2005 I managed to spend 35 years in general practice without seeing a single case of carcinoid syndrome, or at least without managing to diagnose one. But it is not all that rare – as the editorial on this study points out, it is commoner than Hodgkin’s disease, and you can read all about it in our Easily Missed series. In some patients it can get fully as nasty as Hodgkin’s lymphoma, and less treatable. This international randomized controlled trial funded by Novartis managed to recruit 429 patients with low-grade or intermediate-grade neuroendocrine tumours (carcinoid) and gave them either just one Novartis-manufactured drug – everolimus – or two Novartis-manufactured drugs, everolimus plus long-acting octreotide. The main finding of this study is that patients loathe taking everolimus – the drop-out rate was 179 patients in both arms, leaving a combined total of just 71 at the completion of the trial. The ones taking the combination showed a five-month improvement in progression-free survival: but with a drop-out rate as high as this, I would beware of this statistic.
2013 A follow-up study of the Heart Protection Study cohort by the Clinical Trials Support Unit at Oxford shows both benefit and safety from the long term use of simvastatin in high-risk patients. “More prolonged LDL-lowering statin treatment produces larger absolute reductions in vascular events. Moreover, even after study treatment stopped in HPS, benefits persisted for at least 5 years without any evidence of emerging hazards”, they say in their conclusion. But why on earth do they slip in “LDL-lowering” before the word statin? We have no idea whether or not statins work by lowering LDL-C, and we have good evidence that their effectiveness at lowering cardiovascular risk is not related to their degree of LDL-lowering. Nor have any other LDL-lowering agents been shown to lower risk, though the CTSU gets a nice tranche of funding from attempts to prove that they do.
2039 As a seven-year-old I took to collecting spiders of every size and shutting them together in matchboxes: I would then release the very large spider that remained. As punishment for these youthful crimes of investigative biology, I later became somewhat spider-phobic: and the smaller ones have very good reason to single me out for revenge. This article on spider bite is not good bedtime reading for arachnophobes: widow spiders of the genus Lactrodectus are spreading around the world and there might be one here in the Northern USA which has its particular sights on me. Loxosceles species from South America are also on the move. Both lactrodectism and loxoscelism are very painful and sometimes life-threatening conditions, and there is no real evidence that treatment with anti-venom is effective. The huge spiders we now call tarantulas are pretty innocuous; in fact the fatal envenomation attributed to them by the inhabitants of Taranto probably came from a much smaller endemic species of Lactrodectus. The only cure, of course, is to dance the Tarantella: see if you can keep up with Heifetz in this public broadcast from the 1940s.
BMJ 10 Dec 2011 Vol 343
It’s amazing how little evidence you need to have before getting permission to put things into human beings. Artificial hips have been around for fifty years, ever since their inventor John Charnley experimented on himself with some of the components to test their effect on human tissues. But since then manufacturers have played around with new hip prostheses purely for the sake of getting a share in a lucrative market. This systematic review by members of the US Food and Drug Administration looks at the evidence to determine the comparative safety and effectiveness of combinations of bearing surfaces of hip implants. Basically, there isn’t any.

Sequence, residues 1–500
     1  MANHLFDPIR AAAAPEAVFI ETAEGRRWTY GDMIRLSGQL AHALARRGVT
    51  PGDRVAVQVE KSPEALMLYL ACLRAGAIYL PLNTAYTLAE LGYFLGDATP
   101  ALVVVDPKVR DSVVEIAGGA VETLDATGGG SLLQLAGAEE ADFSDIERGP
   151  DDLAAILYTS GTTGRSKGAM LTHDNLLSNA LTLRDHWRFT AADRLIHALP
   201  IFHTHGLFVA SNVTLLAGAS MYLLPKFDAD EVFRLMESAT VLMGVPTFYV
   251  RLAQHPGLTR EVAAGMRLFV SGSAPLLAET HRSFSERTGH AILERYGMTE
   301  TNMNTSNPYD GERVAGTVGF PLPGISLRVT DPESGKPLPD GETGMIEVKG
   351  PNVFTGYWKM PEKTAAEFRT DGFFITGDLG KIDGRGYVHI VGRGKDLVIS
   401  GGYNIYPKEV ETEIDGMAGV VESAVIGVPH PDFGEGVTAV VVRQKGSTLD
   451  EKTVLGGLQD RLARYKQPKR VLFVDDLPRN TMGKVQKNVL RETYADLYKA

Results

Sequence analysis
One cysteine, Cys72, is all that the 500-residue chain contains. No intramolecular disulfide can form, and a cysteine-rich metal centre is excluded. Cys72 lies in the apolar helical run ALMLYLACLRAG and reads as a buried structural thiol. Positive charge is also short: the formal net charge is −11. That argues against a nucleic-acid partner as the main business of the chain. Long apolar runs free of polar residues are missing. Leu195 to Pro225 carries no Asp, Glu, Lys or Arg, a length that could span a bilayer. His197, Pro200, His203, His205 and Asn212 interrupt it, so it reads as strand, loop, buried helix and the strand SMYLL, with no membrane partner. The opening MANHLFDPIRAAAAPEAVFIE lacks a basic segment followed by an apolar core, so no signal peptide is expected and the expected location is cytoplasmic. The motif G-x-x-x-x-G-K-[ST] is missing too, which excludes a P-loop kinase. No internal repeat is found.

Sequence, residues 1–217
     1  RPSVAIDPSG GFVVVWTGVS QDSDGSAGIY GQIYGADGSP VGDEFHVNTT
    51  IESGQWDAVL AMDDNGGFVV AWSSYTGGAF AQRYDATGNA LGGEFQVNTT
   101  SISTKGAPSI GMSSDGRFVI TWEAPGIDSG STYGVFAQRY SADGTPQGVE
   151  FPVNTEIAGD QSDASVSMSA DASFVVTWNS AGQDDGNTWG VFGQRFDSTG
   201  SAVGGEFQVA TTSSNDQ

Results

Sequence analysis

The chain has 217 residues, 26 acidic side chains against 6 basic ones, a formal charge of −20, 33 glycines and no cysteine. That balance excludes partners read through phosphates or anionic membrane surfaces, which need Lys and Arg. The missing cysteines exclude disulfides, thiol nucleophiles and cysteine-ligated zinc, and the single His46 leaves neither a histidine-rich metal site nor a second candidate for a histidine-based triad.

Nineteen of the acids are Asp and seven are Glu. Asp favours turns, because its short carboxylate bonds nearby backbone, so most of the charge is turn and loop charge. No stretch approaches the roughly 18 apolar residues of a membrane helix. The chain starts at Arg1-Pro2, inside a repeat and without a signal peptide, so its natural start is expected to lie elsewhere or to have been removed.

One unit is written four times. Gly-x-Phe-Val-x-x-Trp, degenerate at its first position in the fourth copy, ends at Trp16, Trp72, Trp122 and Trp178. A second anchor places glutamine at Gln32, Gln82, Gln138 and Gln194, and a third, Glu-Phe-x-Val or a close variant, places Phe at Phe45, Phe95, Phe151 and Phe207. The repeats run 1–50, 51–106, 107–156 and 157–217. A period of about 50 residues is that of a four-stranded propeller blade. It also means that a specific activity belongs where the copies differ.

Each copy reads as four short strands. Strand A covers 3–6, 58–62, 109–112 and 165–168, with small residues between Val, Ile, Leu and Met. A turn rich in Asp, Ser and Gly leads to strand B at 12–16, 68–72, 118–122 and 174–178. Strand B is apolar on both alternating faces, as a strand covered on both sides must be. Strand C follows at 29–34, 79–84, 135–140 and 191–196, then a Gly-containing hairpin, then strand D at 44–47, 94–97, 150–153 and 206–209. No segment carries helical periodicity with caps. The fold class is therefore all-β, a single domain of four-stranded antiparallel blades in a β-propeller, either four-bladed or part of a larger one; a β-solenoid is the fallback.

Ann Intern Med 6 Dec 2011 Vol 155
725 Far from the Madding Crowd, Madame Bovary, and a biography of John Adams: what do these miscellaneous works have in common? Well, firstly that I have read them all in the last few weeks, to sweeten my hours of exile; and secondly that the characters in them do a lot of walking. Moving about on two legs is really the intended default setting of humanity when not asleep: and this is what our knees are designed for. This may explain the paradox that as we become more sedentary, we experience more knee pain. Here is a fascinating report of the changing pattern of knee pain in the USA, derived from 6 NHANES (National Health and Nutrition Examination Survey) surveys between 1971 and 2004 and from three similar time-points in the Framingham Osteoarthritis Study. It concludes that “the prevalence of knee pain has increased substantially over 20 years, independent of age and BMI. Obesity accounted for only part of this increase. Symptomatic knee osteoarthritis increased but radiographic knee osteoarthritis did not.” And the cure for all this extra knee pain? Why, knee replacement surgery of course, a wonderful source of income for scores of thousands of American orthopaedic surgeons.
772 Are all second-generation antidepressants the same? Assuredly not, for those doomed to take them, but the evidence base for selecting one of them over another remains pitifully bad. This updated meta-analysis finds that there is no good evidence for any difference in efficacy between them – and this includes agents such as trazodone, bupropion and duloxetine as well as the standard serotonin reuptake inhibitors. There are some differences in known harms and onset of action. About the widespread problem of induced dependency, there is no mention at all.
Plant of the Week: Viburnum farreri
It is always a shock when December comes round and there are almost no plants of any kind worth looking at: and it is even worse here in New England where the Himalayan species brought back by the great British plant-hunters a century or more ago cannot survive the severe winters. Readers will be aware of my fondness for Reginald Farrer, who died alone in the mountains of northern Burma in 1920 while seeking new treasures for our gardens. His name is commemorated in this tousled shrub which looks a mess all year, but then produces white or pink flowers of lovely scent just as Christmas is bringing its hallowed season of unease and expenditure to the population of Great Britain. It is a must for every garden, to be tucked away somewhere to hide its summer ugliness; but never so inaccessible that you cannot get to smell it, and to cut some branches for the house to breathe perfume amongst the holly and the ivy. Most Americans cannot do this, but we can and will on our return to England this week.